JFox JF-C130-011 – 1/200 Scale C-130E (L-382) Hercules Diecast Model
JFox JF-C130-011 diecast model replicates in 1/200 scale the Lockheed C-130E Hercules (L-382), s/n A97-178, No. 37 Squadron, RAAF with the squadron’s “50th Anniversary” tail scheme, worn during 1993
A97-178 arrived at RAAF Richmond, assigned to No. 37 Squadron on November 27, 1966. Returned to Lockheed in 2000, upgraded to Super-E standard with dash-15 engines and onsold to the Pakistan Air Force as 4178.
Hobby Master 1/200 scale Lockheed C-130E Hercules (L-382) diecast model details
|Length||14.5 cm||5.70 in||Approx|
|Wingspan||20.2 cm||7.95 in||Approx|
Diecast model features include:
- Constructed with metal and plastic components
- Undercarriage displayable extended or retracted
- Display stand included.
No. 37 Squadron RAAF
No. 37 Squadron Royal Australian Air Force (RAAF) is a medium tactical airlift unit, operating the Lockheed Martin C-130J Hercules. Based at RAAF Base Richmond, New South Wales. Formed at RAAF Station Laverton, Victoria, in July 1943, No. 37 Squadron’s first aircraft was a single-engine Northrop Delta. During August received the first of ten twin-engine Lockheed C-60 Lodestars.
On February 21, 1966, began operations with the C-130E Hercules as part of the Vietnam War effort and in December 1972 transported the last Australian forces out of Vietnam. The squadron operated the first two RAAF Boeing 707s, ex-Qantas 707-338C models from March 30, 1979, until February 2, 1981, when the aircraft transferred to No. 33 Flight. The squadron began transitioning to the C-130J Hercules in September 1999. Between 2006 and 2012 operated ex No.36 Squadron C-130Hs along with the C-130Js.
The squadron has seen operational service during WW II, the Vietnam War, the wars in Afghanistan and Iraq, and against ISIL. It has also supported Australian humanitarian and peacekeeping operations.
Lockheed C-130 Hercules
The Lockheed (now Lockheed Martin) C-130 is an American four turboprop, tactical transport aircraft. It first flew on August 23, 1954, and entered service in 1957. Designed as a troop, medical evacuation, and cargo transport aircraft. Able to operate from unprepared and semi-prepared runways. Used in a variety of roles including, gunship, aerial refuelling, maritime patrol and aerial firefighting. In addition to research, search and rescue. The C-130 has been in production longer than any other military aircraft type and served with over 50 countries in both military and civilian roles. Australia became the first foreign operator in December 1958 when No 36 Squadron RAAF received the first of twelve C-130As. The Hercules holds the record for the bulkiest and heaviest aircraft to land on an aircraft carrier, achieved in 1963. When a KC-130F made touch-and-go landings, unassisted full-stop landings and take-offs on the USS Forrestal.
Designed from the ground up as a combat transport aircraft, crewed by five, two pilots, navigator, flight engineer and loadmaster. The C-130J has a minimum crew of two pilots and loadmaster. Twenty-three cockpit windows give the flight crew clear visibility on steep approaches. Powered by four Allison T56 turboprops, developed for the C-130, new application of the turbine at that time. The C-130-J uses the Rolls-Royce AE 2100 D3 turboprop with six-bladed composite scimitar propellers.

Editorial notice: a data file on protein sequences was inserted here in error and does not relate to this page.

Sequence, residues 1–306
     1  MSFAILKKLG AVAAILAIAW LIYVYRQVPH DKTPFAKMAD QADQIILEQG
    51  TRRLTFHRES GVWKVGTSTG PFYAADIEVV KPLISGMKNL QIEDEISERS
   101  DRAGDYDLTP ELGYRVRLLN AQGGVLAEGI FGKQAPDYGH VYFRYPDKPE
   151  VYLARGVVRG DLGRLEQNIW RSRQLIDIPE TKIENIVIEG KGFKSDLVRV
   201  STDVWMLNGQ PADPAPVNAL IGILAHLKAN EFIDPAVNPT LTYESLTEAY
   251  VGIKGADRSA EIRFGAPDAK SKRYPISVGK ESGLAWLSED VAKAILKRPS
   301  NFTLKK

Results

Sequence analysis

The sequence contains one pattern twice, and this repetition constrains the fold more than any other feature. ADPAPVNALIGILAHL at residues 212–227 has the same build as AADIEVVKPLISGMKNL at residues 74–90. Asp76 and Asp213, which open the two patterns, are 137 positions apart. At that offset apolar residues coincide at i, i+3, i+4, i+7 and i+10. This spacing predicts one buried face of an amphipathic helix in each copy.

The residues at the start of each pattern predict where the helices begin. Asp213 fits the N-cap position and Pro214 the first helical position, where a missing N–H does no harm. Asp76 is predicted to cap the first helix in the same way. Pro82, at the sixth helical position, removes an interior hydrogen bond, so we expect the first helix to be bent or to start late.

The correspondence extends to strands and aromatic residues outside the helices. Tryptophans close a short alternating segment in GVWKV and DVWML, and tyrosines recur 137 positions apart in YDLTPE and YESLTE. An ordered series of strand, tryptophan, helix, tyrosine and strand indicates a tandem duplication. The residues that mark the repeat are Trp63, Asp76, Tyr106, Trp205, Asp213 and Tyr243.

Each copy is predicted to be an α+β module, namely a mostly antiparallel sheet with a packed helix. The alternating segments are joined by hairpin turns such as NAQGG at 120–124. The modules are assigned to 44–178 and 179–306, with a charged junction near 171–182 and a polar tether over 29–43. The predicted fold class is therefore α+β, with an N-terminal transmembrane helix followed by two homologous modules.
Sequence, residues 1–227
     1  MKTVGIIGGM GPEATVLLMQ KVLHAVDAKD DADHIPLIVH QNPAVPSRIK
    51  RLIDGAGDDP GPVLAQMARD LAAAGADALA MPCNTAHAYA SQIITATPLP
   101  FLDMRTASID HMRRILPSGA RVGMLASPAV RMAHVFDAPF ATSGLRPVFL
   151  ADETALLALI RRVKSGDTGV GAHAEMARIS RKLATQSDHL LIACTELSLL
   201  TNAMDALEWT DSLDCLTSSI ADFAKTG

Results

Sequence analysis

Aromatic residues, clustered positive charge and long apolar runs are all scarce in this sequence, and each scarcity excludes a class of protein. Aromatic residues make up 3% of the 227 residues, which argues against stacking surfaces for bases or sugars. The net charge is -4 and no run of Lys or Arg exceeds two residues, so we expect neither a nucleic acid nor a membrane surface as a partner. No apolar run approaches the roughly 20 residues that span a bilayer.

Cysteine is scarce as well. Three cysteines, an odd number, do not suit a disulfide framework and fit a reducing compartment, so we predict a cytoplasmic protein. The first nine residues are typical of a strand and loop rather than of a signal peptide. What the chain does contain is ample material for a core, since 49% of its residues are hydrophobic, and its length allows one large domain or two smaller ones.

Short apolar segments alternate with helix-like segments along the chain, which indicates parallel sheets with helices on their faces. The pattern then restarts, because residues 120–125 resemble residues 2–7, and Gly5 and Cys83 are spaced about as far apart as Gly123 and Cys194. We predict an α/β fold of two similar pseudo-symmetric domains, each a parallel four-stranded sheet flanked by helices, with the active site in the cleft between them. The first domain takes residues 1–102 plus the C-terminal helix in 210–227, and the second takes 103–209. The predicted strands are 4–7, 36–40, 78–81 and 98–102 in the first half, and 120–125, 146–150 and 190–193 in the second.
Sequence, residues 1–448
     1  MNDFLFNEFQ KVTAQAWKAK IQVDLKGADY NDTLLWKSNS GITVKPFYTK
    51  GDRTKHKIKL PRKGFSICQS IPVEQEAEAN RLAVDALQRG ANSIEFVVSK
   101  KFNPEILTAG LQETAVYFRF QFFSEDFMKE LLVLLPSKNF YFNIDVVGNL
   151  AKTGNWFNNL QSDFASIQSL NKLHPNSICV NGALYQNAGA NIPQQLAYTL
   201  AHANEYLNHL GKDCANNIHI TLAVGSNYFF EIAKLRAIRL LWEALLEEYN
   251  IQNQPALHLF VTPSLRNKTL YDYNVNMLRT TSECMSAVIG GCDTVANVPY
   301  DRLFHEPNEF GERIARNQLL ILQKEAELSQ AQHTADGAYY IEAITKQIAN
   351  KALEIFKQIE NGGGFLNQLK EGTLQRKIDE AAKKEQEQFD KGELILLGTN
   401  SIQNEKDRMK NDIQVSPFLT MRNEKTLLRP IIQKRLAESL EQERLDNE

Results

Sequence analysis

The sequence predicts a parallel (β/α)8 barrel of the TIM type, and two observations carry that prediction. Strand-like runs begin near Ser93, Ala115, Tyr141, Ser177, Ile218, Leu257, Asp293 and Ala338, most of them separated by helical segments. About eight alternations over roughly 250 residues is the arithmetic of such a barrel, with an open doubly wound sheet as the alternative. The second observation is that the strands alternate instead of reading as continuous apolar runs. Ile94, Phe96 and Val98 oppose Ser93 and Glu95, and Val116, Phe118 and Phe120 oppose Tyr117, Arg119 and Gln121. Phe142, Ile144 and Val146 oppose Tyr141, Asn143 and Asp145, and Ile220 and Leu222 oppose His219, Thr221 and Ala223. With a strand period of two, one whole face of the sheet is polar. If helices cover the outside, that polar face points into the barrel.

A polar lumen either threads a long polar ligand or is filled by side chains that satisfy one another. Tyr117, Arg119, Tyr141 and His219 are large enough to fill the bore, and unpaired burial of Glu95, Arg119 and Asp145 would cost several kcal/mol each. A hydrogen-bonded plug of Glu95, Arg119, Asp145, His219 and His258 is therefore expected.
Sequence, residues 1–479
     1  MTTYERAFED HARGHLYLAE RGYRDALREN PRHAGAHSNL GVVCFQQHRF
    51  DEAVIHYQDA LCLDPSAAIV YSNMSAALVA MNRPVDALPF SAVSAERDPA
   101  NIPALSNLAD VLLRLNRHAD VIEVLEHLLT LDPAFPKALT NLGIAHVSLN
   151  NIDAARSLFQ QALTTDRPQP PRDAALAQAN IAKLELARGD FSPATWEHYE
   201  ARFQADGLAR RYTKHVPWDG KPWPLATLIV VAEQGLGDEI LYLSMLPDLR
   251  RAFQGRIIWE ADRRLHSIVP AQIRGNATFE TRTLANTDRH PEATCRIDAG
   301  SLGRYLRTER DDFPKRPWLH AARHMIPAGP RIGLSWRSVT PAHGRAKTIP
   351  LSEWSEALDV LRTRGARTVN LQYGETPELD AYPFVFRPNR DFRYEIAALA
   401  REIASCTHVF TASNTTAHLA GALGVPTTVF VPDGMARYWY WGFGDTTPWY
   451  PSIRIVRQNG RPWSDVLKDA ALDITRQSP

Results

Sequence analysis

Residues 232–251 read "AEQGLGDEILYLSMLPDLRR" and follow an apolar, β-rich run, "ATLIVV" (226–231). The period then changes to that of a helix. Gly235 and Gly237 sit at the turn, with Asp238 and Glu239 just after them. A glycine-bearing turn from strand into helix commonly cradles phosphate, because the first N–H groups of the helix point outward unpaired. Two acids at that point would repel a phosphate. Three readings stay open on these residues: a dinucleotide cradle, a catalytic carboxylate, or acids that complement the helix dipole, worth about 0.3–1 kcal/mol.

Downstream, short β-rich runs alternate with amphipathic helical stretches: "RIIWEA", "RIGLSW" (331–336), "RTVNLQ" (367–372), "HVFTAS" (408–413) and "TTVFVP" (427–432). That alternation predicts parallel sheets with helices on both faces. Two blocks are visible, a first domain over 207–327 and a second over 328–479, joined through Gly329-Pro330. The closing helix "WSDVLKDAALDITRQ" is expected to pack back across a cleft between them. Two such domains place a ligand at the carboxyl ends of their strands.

Able to carry 92 passengers or 72 combat troops or 64 paratroopers. The pressurised cargo hold can be quickly re-configured to carrying 74 litter patients with five medical crew. Cargo includes six pallets, 2–3 Humvees, 2 M113 armoured personnel carriers. The C-130’s high-wing allows the height of the cargo floor to be at a truck-bed level and use a “roll-on/roll-off” rear-loading ramp.
Over time the Hercules has undergone improvement and updates. Including increased fuel capacity, improved engines, structural enhancements, avionics upgrades, night vision ability and higher gross weight. The newest version is the C-130J Super Hercules, developed in the 1990s is the only variant still in production. The cockpit has digital avionics (including head-up displays (HUDs), reduced crew numbers. Available in a standard-length or stretched variant.
The Hercules has undergone adaptation for dedicated missions. The first, a ski-equipped version to resupply Distant Early Warning radar sites. Followed by the C-130B-II an electronic reconnaissance variant, featuring signals intelligence (SIGINT) receiver antennas disguised as external wing fuel tanks.
The MC-130 series for special operations forces including the Combat Talon developed during the Vietnam War.
The EC-130 electronic warfare aircraft, missions included psychological operations/information operations (PSYOP/IO), airborne early warning and control (AEW&C).
The AC-130 gunship, developed during the Vietnam War to replaced the AC-47 “Spooky” and later the AC-130H Spectre.
The KC-130 tanker, with a removable fuel tank housed inside the cargo compartment. Feeding two wing-mounted hose and drogue aerial refuelling pods. The C/KC-130R and C/KC-130T are US Navy and USMC variants with under-wing external fuel tanks.
The HC-130 series are long-range search and rescue command aircraft for the USAF and USCG. The USCG also uses the HC-130H for interdiction, illegal migrant patrols, homeland security, and logistics.
The Lockheed L-100 (L-382) is a civilian variant of the C-130E.
- Maximum speed: 592 km/h (366 mph)
- Cruise speed: 540 km/h (336 mph)
- Range: 3,800 km (2,360 mi)
- Maximum payload: 20,400 kg (45,000 lb)
- MTOW: 70,300 kg (155,000 lb)
- Service ceiling: 10,060 m (33,000 ft) empty or 7,077 m (23,000 ft) with a 19,090 kg (42,000 lb) payload
- Take off distance: 1,093 m (3,586 ft) at maximum weight of 70,300 kg (155,000 lb).